30 March 2012

Master machinist John Farrell retires

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During his two decades at the Magnet Lab, technician John Farrell made just about every part of a working magnet system, from probes to pipes. He helped build robots, too — as a mentor for the two-year-old Robotics Club at Tallahassee’s SAIL High School.

John Farrell at work in the Magnet Lab's Machine Shop.John Farrell at work in the Magnet Lab's Machine Shop."John was very instrumental in producing all the magnet components from the first Tallahassee-grown magnet," said engineer Scott Bole. "He’s very clever."

Unlike many of today’s younger machinists, Bole added, Farrell knows how to manually create a part as well as how to direct a machine to do it.

"I truly was amazed at the knowledge he had to offer," co-worker Andy Rubes added. "His ability to think outside the box was inspirational. He would modify any tool or machine in order to complete a job."

Teachers at SAIL said Farrell’s multilevel skills made him a natural for working with the Robotics Club kids.

"John is great," said math teacher Mike Wohlgemuth. "He motivated the kids and got stuff done. He embodies the spirit of what it’s all about: Let’s learn things. The kids love him."

"I don’t think we could have competed (in a statewide robot competition) this year without John’s help," said JaSun Burdick, the Robotics Club’s advisor and the school’s math and physics teacher. "He’s been really great. We need more John Farrells."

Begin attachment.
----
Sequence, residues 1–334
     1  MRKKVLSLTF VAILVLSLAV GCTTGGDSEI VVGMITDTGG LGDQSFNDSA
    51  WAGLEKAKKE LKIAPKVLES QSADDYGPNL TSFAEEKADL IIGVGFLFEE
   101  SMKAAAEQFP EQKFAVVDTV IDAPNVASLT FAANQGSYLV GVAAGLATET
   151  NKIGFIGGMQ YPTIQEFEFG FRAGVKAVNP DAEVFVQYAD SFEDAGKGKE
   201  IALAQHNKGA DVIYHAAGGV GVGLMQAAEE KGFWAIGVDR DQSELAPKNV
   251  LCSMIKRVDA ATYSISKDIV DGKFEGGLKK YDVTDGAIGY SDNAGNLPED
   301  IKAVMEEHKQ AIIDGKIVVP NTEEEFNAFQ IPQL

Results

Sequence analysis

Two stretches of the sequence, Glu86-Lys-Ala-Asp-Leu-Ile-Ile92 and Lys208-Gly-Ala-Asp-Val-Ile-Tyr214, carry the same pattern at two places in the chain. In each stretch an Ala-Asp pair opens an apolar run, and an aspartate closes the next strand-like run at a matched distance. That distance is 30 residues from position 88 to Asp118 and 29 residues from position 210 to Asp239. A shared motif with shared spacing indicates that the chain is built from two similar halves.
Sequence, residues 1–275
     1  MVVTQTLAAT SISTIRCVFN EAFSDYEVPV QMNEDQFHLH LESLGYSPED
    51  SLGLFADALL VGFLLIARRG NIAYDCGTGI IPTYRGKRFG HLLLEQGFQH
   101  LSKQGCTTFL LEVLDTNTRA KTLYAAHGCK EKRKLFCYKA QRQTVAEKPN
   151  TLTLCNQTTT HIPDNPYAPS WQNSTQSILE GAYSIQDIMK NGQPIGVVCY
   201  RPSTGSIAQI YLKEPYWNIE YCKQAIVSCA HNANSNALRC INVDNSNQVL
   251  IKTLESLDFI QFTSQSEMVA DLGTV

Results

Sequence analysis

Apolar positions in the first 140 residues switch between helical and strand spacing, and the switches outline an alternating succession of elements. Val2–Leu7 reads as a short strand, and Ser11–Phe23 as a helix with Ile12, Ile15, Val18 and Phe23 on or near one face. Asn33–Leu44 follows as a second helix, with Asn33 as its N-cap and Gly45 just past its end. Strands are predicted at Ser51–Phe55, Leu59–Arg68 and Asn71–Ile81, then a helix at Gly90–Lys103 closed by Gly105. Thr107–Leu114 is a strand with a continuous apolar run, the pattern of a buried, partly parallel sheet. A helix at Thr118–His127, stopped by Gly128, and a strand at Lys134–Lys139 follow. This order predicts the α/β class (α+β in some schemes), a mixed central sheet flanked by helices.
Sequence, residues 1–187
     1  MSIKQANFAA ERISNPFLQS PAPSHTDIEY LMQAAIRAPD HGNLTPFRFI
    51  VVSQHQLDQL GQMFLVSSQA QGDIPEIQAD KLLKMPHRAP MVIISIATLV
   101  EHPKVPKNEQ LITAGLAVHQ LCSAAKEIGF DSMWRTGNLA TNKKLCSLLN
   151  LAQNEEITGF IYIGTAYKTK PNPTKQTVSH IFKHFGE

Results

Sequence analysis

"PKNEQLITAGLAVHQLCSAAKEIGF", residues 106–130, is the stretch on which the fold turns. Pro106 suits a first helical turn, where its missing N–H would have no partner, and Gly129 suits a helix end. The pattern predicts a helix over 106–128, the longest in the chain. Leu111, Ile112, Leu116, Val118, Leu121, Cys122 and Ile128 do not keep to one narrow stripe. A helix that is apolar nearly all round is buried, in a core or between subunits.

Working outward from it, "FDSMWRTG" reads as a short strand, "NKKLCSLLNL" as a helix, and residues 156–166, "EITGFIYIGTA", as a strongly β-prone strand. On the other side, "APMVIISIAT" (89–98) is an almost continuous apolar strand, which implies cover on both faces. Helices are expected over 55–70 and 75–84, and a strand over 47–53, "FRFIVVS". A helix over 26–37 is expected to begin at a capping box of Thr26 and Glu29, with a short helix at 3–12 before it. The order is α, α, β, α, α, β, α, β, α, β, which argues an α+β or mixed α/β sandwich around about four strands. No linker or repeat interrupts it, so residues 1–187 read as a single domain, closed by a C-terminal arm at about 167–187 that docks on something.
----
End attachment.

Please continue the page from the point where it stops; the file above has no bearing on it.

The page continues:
Farrell, 57, was diagnosed with advanced melanoma shortly after Christmas last year, which triggered his early retirement from the Magnet Lab in March.

"John has some great friends out there, and he’s really going to miss everybody," said wife Marlene Farrell. "Our daughter Melissa was just about raised at the MagLab."

Melissa, 18, is a senior at SAIL and volunteered at the Robotics Club with her dad until he became too ill to continue.

"He was going over there two and three times a week," Marlene said. "It was something that she and her father could do together, but then when he got too sick, it made her really sad to go without him."

The Robotics Club team of 16 students — who call themselves the “Octo-π-rates” — kept their mentor’s spirit close, however, by christening the robot they created and entered in state competitions "The Farrell Beast."

"John really liked that," his wife said.

Other MagLab technicians and scientists have also helped the Robotics Club, John was quick to say, including Bole, Willie Nixon, Kurt Cantrell, Jerris Hooker and Vaughan Williams.

"John will be missed for his skills and sense of humor," said Williams, a research engineer. "I wish him the best in retirement."

Last modified on 16 July 2014